Molecular imprinting (R. Arshady and K. Mosbach, Macromol. Chem., 187, 687 (1981)) is the name given to a process for preparing polymers that are selective for a particular compound (the print molecule). The technique involves: (1) prearranging the print molecule and the monomers and allowing complementary interactions (non-covalent or reversible covalent) to develop: (2) polymerizing around the print molecule-monomer complex; and (3) removing the print molecule from the polymer by extraction (FIG. 1) Polymerization thus preserves the complementarity to the print molecule and the polymer will selectively adsorb the print molecule subsequently. The print molecule binds more favourably to the extracted polymer than do structural analoques. The technique has also been referred to as "host-guest" polymerization or template polymerization.

The so called transition state is formed during an enzymatic conversion of a substrate to a product. The transition state is, in contrast to transition state analogues, extremely unstable. By applying transition state analoques as print-molecules in a molecular imprinting system, the resulting polymer will possess cavities which are complementary to the transition state analogue and therefore in analogy with natural enzymes, bind this compound and accelerate the reaction.

Example 1 relates the preparation of a polymer with hydrolytic properties by the imprinting of a transition state analogue.

This application of transition state analogues is not unlike the isolation of antibodies, raised against a transition state analogue, which possess catalytic activity (so called abzymes) (A. Tramontano, K. Janda, R. Lerner, Science, 234, 1566-1570 (1986) and S. Pollack, J. Jacobs, P. Schultz, Science, 234, 1570-1573, 1986)).

By employing compounds, which resemble the substrate of a reaction, as print molecules in molecular imprinting, one can also prepare polymers which catalyze the reaction. Example 2 relates the preparation of a polymer which accelerate a pyridoxal-dependent enzymatic racemisation. Further instead of using transition state analogues other substrate-like compounds can be used as print molecules leading to polymers possessing enzymatic activity. Thus a compound is chosen, as print molecule in a molecular imprinting procedure, on the basis of which catalytic groups it is able to orientate in the correct spacial position in the site of the polymer where the reaction takes place. After removal of the print molecule, the polymer is incubated with another compound, selected on grounds of its suseptibility to undergo chemical conversion by the positioned catalytic groups in the polymer. This would be analogous to the generation of antibodies containing a site with carboxylate group within bonding distance of an abstractable proton by using the appropriate positively charged hapten. (K. M. Shokat, C. J. Leumann, R. Sugasawara and P. G. Schultz, Nature, 338, 269-271 (1989)).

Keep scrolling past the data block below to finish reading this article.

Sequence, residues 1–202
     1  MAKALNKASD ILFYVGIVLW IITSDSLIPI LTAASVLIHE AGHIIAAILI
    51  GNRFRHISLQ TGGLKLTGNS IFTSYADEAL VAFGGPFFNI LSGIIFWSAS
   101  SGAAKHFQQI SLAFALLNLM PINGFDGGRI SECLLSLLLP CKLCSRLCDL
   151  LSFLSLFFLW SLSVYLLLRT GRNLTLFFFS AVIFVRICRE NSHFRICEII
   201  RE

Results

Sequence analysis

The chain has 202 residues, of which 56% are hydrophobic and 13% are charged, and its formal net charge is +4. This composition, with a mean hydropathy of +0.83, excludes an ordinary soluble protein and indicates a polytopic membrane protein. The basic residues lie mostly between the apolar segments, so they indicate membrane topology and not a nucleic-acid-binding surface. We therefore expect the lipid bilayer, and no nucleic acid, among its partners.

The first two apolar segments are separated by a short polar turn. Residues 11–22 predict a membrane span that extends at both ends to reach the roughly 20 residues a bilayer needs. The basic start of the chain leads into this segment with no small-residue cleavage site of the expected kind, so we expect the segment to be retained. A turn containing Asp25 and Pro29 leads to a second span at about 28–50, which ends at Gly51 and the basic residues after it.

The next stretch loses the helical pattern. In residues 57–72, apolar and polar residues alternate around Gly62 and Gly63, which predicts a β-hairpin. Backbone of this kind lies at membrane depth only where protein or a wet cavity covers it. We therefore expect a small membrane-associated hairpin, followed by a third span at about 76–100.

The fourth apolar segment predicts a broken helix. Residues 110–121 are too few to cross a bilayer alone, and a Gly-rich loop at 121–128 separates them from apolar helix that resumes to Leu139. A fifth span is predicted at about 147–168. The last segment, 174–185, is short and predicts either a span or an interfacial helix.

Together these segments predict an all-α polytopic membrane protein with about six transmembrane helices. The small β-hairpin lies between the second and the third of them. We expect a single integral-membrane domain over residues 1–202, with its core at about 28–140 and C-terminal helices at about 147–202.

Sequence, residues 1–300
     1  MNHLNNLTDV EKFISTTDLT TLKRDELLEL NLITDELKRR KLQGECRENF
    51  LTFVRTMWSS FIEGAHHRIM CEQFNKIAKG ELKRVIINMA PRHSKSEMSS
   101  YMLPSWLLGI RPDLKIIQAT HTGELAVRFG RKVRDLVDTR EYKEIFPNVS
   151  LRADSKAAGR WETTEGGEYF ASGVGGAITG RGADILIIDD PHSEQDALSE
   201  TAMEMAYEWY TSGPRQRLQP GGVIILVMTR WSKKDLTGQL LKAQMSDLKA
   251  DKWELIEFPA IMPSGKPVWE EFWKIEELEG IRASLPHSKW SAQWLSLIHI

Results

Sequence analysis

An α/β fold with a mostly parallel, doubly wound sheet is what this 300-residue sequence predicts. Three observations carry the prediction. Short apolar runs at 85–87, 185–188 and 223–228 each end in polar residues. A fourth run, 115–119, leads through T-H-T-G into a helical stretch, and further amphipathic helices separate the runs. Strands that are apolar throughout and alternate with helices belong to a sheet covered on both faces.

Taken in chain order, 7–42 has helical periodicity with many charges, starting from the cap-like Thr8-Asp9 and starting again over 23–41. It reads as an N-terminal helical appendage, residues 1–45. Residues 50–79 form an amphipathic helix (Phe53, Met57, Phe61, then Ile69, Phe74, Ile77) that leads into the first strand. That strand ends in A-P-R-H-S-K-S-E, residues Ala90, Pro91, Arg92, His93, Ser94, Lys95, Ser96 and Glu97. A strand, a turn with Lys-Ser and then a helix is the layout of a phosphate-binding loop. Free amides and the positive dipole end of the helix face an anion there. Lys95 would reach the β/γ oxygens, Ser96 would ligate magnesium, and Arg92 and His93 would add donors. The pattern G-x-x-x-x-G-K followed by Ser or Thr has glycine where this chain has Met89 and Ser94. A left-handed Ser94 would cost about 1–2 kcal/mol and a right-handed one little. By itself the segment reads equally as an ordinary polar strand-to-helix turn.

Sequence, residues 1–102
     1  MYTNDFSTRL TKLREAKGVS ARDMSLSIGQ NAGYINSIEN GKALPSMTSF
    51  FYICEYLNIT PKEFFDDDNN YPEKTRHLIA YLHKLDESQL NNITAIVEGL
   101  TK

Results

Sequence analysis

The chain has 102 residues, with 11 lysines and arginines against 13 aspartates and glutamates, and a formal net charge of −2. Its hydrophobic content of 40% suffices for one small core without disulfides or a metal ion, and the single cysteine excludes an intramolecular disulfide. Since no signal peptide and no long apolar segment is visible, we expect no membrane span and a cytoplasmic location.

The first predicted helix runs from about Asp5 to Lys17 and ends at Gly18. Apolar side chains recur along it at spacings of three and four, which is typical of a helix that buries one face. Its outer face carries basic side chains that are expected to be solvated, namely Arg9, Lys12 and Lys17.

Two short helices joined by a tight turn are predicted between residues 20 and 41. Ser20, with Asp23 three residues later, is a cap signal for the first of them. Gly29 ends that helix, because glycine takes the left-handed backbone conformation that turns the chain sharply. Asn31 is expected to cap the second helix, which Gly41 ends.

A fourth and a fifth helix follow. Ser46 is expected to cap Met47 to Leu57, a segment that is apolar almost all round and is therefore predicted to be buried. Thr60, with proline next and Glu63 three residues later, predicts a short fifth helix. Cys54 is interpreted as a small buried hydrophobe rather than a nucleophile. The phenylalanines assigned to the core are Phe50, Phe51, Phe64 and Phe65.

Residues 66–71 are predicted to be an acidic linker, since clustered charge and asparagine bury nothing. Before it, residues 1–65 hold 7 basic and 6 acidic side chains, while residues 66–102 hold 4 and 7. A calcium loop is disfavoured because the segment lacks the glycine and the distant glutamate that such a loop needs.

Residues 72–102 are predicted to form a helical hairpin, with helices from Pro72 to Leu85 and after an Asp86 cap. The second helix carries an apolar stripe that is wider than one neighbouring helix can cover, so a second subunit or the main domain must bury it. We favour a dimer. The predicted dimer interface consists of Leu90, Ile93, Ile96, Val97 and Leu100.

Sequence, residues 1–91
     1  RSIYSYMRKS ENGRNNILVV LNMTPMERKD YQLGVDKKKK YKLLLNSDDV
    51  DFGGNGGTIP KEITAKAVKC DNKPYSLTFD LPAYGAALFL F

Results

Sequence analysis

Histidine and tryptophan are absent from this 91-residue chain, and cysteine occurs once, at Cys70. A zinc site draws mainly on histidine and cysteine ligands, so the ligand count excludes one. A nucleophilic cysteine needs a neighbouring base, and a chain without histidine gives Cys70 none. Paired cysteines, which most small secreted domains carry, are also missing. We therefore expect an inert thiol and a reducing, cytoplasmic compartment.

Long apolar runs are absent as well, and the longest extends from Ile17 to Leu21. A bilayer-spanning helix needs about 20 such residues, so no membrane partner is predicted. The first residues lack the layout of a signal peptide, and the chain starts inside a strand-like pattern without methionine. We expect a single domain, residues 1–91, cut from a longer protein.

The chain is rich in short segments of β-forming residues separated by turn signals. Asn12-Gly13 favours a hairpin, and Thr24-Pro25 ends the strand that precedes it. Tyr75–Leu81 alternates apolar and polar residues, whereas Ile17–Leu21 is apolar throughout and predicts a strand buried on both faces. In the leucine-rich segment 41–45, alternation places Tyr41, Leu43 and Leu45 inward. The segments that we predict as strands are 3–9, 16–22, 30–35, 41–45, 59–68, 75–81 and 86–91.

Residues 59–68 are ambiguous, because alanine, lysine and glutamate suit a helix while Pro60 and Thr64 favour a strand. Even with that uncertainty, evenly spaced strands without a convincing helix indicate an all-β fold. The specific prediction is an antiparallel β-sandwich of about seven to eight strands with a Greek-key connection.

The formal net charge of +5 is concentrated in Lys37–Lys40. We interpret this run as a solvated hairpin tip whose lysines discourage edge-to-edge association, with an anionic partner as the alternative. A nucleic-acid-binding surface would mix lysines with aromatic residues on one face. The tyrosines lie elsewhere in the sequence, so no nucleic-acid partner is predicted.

In another aspect the present invention relates to the use of molecularly imprinted polymers in immunological applications. In this aspect the invention only deals with the selective absorption of antigens to the polymers. In this context different antigens can be employed as print molecules leading to specifically adsorbing polymers ("synthetic antibodies"). Antigens such as smaller molecules (e.g. dopamines, γ-aminobutyric acid, thyroxines) or more complex structures (e.g. peptides, proteins, glykoproteins) can be employed.

These antigen-selective polymers can directly be applied, in for example heterogenous immunoassays, since they are easily separated from an incubation mixture by filtration or sedimentation. If the imprinted polymers are of a lower molecular weight, these can be applied in a homogenous immunoassay.

For example polymers imprinted with γ-aminobutyric acid can be used analogous to antibodies (available from Sigma Co., St. Louis) raised against this antigen in an immunoassay.

In summary, the present invention deals with the preparation and the use of molecularily imprinted polymers analogous to natural enzymes and antibodies. Having this in mind, the molecular imprinting technique can be seen as a way of mimicking Nature, with in particular the differences that the polymers are much more stable than the corresponding natural products (proteins/glykoproteins) and that it is possible to prepare catalysts for new reactions. The increased stability is believed to be of great value in industrial applications of such polymers. Furthermore, the molecular imprinting method should in many cases be a simpler technique for obtaining (synthetic) enzymes and antibodies as compared to the more in itself limited (natural) approach.